The brown grassy trail is well worn by other visitors, and littered with a few sharp cactus for which we must be alert. This winds through only a moments of shade where we stop for a much needed water break, then head off up a meadow of sorts to the next grouping of trees. We notice an overlook off the trail and find we are just above the airport looking toward the Grenadines.
As we head into the trees we are relieved to again be out of the full sun. There is a slight breeze that seems to get stronger and feels good. As the trail continues to slowly rise we must now find our way over large boulders and tree trunks. The route is obvious, but it is marked with white painted arrows to show us the direction. We pass a sign showing another “short-cut” back down and vow to take that on our return. The trail remains fairly wide and turns to a ridgeline with steep drop offs on either side, protected by heavy trees and brush. Peggys Rock is a group of large boulders that one must negotiate with a few large steps and accurately placed handholds, but quite a beauty.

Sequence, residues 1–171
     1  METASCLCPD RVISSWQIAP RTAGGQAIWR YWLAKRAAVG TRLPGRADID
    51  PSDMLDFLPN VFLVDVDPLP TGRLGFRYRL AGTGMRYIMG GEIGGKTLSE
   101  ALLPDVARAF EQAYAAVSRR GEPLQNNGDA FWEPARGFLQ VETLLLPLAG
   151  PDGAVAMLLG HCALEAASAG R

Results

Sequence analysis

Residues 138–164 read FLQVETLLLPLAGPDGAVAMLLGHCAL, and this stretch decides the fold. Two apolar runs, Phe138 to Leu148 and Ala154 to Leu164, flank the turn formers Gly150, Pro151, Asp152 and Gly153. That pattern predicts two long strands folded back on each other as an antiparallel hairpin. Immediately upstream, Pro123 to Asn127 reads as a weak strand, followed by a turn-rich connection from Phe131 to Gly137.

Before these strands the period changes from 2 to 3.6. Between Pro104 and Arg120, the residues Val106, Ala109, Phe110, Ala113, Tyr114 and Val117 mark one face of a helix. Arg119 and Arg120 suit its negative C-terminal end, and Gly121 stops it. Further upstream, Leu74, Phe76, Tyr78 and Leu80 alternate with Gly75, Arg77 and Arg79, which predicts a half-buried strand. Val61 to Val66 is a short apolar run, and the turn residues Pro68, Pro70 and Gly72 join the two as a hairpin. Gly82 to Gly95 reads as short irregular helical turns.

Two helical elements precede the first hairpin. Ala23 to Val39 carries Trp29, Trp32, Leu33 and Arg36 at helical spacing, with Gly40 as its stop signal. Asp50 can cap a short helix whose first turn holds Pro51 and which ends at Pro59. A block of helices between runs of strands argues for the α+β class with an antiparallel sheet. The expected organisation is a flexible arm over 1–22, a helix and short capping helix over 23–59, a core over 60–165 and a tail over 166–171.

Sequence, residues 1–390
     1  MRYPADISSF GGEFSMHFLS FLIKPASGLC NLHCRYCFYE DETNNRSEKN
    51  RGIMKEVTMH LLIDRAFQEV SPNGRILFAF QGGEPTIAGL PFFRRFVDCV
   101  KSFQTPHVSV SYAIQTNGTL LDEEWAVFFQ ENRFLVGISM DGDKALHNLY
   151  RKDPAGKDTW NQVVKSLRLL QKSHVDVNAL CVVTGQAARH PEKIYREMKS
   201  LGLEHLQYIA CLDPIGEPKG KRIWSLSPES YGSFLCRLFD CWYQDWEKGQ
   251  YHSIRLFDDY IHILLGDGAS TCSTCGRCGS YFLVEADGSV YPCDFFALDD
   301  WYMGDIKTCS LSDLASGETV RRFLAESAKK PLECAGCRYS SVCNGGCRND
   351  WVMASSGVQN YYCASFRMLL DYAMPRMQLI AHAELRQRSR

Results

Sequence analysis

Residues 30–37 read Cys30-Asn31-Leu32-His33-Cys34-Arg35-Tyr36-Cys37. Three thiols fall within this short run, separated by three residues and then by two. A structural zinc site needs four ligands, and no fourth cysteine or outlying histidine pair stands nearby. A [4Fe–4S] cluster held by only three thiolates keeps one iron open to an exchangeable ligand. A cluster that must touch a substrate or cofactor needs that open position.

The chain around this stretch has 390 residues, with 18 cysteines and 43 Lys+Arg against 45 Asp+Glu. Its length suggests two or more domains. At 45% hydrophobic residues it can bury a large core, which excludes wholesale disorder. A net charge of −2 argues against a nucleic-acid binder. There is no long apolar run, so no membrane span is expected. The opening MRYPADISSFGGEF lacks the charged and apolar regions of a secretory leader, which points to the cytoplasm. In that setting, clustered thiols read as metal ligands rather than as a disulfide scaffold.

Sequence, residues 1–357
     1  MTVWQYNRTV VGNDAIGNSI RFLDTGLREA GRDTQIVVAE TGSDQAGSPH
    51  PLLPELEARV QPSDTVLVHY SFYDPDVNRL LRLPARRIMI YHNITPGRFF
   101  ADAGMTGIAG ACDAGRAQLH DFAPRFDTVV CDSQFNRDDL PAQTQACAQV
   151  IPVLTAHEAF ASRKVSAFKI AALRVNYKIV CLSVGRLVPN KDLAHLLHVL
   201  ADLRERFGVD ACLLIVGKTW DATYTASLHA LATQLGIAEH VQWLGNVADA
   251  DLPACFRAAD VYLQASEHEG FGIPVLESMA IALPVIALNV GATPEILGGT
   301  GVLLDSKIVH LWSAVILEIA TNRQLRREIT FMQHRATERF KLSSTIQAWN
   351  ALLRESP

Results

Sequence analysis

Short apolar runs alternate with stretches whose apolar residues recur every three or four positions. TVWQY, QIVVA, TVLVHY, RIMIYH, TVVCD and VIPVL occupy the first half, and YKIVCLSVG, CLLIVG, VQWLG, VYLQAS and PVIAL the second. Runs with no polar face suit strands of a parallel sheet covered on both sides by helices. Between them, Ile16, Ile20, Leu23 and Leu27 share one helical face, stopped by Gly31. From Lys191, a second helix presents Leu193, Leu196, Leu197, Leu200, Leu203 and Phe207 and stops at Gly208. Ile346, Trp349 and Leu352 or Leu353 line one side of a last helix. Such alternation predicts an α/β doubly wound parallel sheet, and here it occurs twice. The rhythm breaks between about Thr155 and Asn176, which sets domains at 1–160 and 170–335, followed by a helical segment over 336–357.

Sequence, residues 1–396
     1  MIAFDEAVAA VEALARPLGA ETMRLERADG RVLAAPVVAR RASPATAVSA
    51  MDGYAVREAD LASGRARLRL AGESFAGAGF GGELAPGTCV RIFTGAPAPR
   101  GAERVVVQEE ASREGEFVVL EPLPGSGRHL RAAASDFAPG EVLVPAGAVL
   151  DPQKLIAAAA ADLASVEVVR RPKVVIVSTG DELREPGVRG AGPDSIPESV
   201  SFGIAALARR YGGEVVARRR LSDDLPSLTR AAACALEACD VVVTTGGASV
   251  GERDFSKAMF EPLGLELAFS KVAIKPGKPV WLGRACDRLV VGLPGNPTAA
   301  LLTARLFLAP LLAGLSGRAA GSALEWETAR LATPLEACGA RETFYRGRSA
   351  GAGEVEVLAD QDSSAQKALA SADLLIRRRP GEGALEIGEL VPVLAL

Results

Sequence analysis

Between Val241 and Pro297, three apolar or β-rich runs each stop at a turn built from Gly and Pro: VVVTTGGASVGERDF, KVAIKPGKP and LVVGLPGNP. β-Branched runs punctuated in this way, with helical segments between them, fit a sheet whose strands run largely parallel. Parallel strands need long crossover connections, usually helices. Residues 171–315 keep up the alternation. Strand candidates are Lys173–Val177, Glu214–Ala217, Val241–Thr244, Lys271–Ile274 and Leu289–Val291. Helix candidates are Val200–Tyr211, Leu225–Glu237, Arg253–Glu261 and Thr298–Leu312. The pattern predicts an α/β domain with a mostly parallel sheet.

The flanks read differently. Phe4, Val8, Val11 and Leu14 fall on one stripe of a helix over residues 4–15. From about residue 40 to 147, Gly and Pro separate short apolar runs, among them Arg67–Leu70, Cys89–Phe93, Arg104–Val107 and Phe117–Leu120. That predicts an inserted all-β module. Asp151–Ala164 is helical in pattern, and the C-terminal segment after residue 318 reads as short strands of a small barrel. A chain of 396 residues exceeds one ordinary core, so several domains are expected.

There is a nice breeze to cool the perspiration. The view of Admiralty bay is pretty stunning from here. We can see islands to the North as well on this clear day. (Cameras never do justice in these places, they have to be experienced.) We begin the journey downward and do take the “shortcut- goat-trail, but find that is is nearly a gully at times and quite steep. We are back at the beach in half the time. Our first stop is a local restaurant, Keegan’s, open now for lunch and we settle on a couple of beers after we consume several cold glasses of water.